Kinshasa (AFP) - Volatile Congo faced uncertainty Thursday after the death of Etienne Tshisekedi, the veteran politician who recently banded the opposition together to end President Joseph Kabila's rule of the mineral-rich nation.
Business was slow and some shops closed in Democratic Republic of Congo's usually bustling capital of 10 million people, Kinshasa, where large crowds gathered around Tshisekedi's home and the headquarters of his UDPS party.
Kabila, who has ruled the vast unruly nation for 16 years, refused to step down on completing his final mandate in December, but then struck a power-sharing deal with the opposition that provides for elections late this year.
"There should be a week of national mourning to pay him homage," said taxi-driver Adonis Matondo.
Tshisekedi died Wednesday aged 84 in Brussels, where he had been flown for medical treatment January 24 just as talks were scheduled to end the nation's months-long political crisis.
His body will not likely return home before Monday, with Brussels authorities announcing funeral wakes to be held at his family's request on Friday, Saturday and Sunday in the Belgian capital.
The burly politician, who in the 1960s received the country's first doctorate in law, had been ill for some time, receiving treatment in Belgium, the former colonial power.
- Talks in limbo -
After two years there he returned to DR Congo in July, where hundreds of thousands of people took to the streets to welcome him home.
He was a veteran politician, the ally-turned-enemy of despot Mobutu Sese Seko, then the rival to the father-son Kabila dynasty. He opposed Laurent Kabila when he took over from Mobutu in 1997, then Joseph who stepped in on his father's assassination in 2001.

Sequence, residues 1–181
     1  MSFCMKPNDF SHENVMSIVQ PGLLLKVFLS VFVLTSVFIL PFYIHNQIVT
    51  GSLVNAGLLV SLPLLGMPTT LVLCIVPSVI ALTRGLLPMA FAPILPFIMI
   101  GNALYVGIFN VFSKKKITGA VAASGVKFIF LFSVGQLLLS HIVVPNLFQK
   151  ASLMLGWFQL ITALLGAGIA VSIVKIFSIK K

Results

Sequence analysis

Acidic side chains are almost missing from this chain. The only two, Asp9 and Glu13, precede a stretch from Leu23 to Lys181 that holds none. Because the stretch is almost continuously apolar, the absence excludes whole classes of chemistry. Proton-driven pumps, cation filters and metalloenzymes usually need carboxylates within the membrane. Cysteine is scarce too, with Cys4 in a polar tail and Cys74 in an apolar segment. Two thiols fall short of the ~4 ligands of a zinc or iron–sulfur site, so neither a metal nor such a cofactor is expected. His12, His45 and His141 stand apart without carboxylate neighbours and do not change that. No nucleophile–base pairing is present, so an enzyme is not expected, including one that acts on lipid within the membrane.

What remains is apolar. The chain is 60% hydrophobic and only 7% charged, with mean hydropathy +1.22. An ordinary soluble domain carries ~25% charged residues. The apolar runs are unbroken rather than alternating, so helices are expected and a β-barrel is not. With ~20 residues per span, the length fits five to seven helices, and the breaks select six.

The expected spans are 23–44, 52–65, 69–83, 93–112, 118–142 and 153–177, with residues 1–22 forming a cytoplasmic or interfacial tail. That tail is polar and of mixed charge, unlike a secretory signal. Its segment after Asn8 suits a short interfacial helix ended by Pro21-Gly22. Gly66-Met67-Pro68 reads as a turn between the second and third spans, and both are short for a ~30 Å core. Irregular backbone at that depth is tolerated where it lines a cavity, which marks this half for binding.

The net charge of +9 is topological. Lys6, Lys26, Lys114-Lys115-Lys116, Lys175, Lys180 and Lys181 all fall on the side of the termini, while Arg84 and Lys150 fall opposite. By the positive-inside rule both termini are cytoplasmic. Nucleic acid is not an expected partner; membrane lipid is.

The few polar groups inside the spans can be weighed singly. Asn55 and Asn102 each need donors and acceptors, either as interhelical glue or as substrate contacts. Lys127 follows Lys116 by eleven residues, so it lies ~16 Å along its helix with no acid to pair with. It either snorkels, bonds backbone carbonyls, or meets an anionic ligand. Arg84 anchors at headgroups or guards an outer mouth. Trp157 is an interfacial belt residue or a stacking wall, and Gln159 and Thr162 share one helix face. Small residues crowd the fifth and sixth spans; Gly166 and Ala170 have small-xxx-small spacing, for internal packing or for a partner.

A spokesman for the ruling parties, Andre-Alain Atunda, paid tribute to his "combat for democracy".
Exiled millionaire and potential presidential candidate Moise Katumbi hailed his peaceful fight for democracy and dubbed him "one of the leading figures of our country's history."
The opposition coalition he put together recently is headed by his Union for Democracy and Social Progress (UDPS) and is supposed to be negotiating the next steps in the New Year's Eve power-sharing deal agreed with Kabila.
Brokered by the country's influential Roman Catholic bishops, the deal means that Kabila can remain in office until elections in late 2017, in tandem with a transitional body and a new premier, who is yet to be agreed.
But the talks aimed at avoiding all-out conflict in the country of 71 million people appear to be in limbo, with no progress reported in recent weeks.
- 'The worst time' -
Tshisekedi's death "comes at the worst time for the establishment of the new transition," Thierry Vircoulon, an eminent Paris-based Congo analyst and academic, told AFP.
"Tshisekedi was supposed to have chaired the Transition Council and they will now have to agree on a new opposition figure though there is already disagreement on who should be the premier," added Vircoulon.
Tshisekedi's death also leaves this year's planned elections "increasingly jeopardised", he added.
Voters in DR Congo were originally to have chosen a new president in 2016, but the authorities had said the electoral registers must be revised, a huge enterprise in a country almost the size of western Europe.
And in a highly controversial ruling, the constitutional court had said Kabila could remain in office until an election was held.
Kabila, 45, has been in power in one of the least developed countries in the world, since the 2001 assassination of his father Laurent at the height of the Second Congo War.
Belgian Foreign Minister Didier Reynders described Tshisekedi as a "remarkable political figure".
His "last fight (...) for the constitution and democracy culminated in the New Year's Eve agreement," Reynders said in a statement, adding that "Belgium joins ... the Congolese people in their grief and their desire to see his work bear fruit".